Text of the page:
2. If there is wave action (.5 to 1.5 meters), it can be tricky. Don't tack on the crest or back of the wave or you will fall in. Find a flat spot if possible & complete your tack before you go over the next wave crest.

It's easier than a short board tack (a lot more stable on the Formula board), but the movement is the same.

I usually stay in the back strap (front foot out near the mast) until the nose of the board goes through the wind. I guess there are lots of ways of doing this.

nonopr
10th September 2009, 03:55 AM
Thanks everybody.
Nonopr, when I grow up I want to be an idiot just like you.

You just did.......

chr
10th September 2009, 02:00 PM
This is what I do:

Start carving a curve upwind. As the nose of the board gets closer to the eye of the wind, I want the mast hand to slide forwards on the boom, my back foot right behind the frontmost footstrap, the front foot in front of the mast, almost in contact with the mast foot. Sail is still raked back.

Most tutorials I have seen recommend that you sheet in hard when entering a tack. I'm not sure, as we sheet in hard in order to bear off, right? Sheeting in hard just seems to stop the board, I think. I prefer to leave the sail in a neutral position.

OK, the board is almost pointing straight into the wind, and you want to get to the other side of the sail in one movement. Cross the back hand over the front hand and reach round the mast to the boom on the other side. Do not stay in front of the mast, in that spot you'll be unstable. Once you've jumped round the mast, the hard part is pushing the nose down from the eye of the wind while at the same time moving your hands back on the boom and possibly your front foot into the strap for the first pumps.

There is a tutorial that you might have seen over at http://www.carbonsugar.com/technique/the-learning-plateau-and-how-to-climb-off-part-i/
The article discusses formula tacks.

To improve your tacks while sailing alone, you'll use a watch displaying seconds, initiate the tack at :00, tack, and check the time once you're on a plane and hooked in on the new tack. With friends, you can start your timers at the same time, sail upwind and tack every minute. That way you can compare how you do.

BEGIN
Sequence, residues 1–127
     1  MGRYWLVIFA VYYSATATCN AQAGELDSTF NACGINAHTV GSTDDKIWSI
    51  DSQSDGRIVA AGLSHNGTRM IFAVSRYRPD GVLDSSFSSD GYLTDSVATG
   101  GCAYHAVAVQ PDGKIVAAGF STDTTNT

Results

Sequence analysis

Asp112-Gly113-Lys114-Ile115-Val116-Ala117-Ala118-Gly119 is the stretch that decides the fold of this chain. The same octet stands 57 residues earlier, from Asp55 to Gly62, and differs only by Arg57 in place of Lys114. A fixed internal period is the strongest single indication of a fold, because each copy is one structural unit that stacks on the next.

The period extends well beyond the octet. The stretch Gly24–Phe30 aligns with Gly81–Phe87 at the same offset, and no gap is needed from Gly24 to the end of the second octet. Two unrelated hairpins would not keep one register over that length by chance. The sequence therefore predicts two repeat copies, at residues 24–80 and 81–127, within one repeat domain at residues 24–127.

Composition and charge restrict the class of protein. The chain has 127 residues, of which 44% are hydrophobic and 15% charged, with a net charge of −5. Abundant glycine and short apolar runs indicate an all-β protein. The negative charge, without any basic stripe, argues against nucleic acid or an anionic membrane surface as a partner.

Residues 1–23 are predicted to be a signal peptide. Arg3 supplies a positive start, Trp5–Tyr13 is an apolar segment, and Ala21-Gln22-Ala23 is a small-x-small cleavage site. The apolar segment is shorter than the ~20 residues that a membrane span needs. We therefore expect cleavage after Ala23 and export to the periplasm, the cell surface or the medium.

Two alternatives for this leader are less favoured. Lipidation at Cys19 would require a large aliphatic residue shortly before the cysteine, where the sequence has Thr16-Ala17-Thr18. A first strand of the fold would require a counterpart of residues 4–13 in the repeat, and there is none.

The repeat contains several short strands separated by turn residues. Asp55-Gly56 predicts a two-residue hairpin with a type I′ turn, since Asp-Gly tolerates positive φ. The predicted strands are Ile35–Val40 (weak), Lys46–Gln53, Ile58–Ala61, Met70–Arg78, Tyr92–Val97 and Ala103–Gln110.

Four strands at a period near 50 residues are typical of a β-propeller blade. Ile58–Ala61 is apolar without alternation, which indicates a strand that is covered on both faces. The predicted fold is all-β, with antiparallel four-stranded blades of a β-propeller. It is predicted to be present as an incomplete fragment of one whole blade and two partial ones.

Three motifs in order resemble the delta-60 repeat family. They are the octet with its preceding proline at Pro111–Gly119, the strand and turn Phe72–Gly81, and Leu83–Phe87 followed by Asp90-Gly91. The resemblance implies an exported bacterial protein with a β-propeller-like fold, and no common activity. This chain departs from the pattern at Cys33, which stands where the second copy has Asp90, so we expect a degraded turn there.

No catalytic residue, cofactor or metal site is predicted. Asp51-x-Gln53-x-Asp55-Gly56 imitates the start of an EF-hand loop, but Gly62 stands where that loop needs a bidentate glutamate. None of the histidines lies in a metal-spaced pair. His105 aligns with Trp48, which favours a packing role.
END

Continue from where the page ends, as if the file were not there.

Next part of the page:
Note that the higher the boom, the more unstable you'll be when tacking.

Christian

Unregistered
11th September 2009, 01:44 AM
Just check also

http://www.carbonsugar.com/technique/the-learning-plateau-and-how-to-climb-off-part-i/

good luck, practice is fun in itself.

Del Carpenter
17th September 2009, 05:30 AM
Obviously I blew it in not thinking about racing. Andreas and the others are correct, you need tacking as a formula racer.

Unregistered
19th September 2009, 10:51 AM
It's essentially the same as a standard shortboard tack only in a bit slower motion.

round up, with both feet out of the straps
place your front foot almost on the other side of the mastfoot
quickly step around the front of the board in one fluid motion
backwind the sail as you step around to maintain balance
once your on the other side sheet in so that the sail switches tacks

John_O
21st September 2009, 06:44 PM
Recent video of AUS120 includes a tacking sequence up close to the camera during a race in the recent Norwegian FW Championships; wind 25-30knots.

http://vimeo.com/channels/aus120#6376780

Ken
21st September 2009, 11:24 PM
Good video. As you can see in the video, when pointing high, turning the nose of the board from the upwind lay line to dead into the wind is prettly subtle. Once you decide to tack, you take about 3-5 seconds to head up until the board stalls, then tack. Coming out of the straps and rotating around the mast all occur very quickly. Planing tacks can be done in water that isn't so choppy.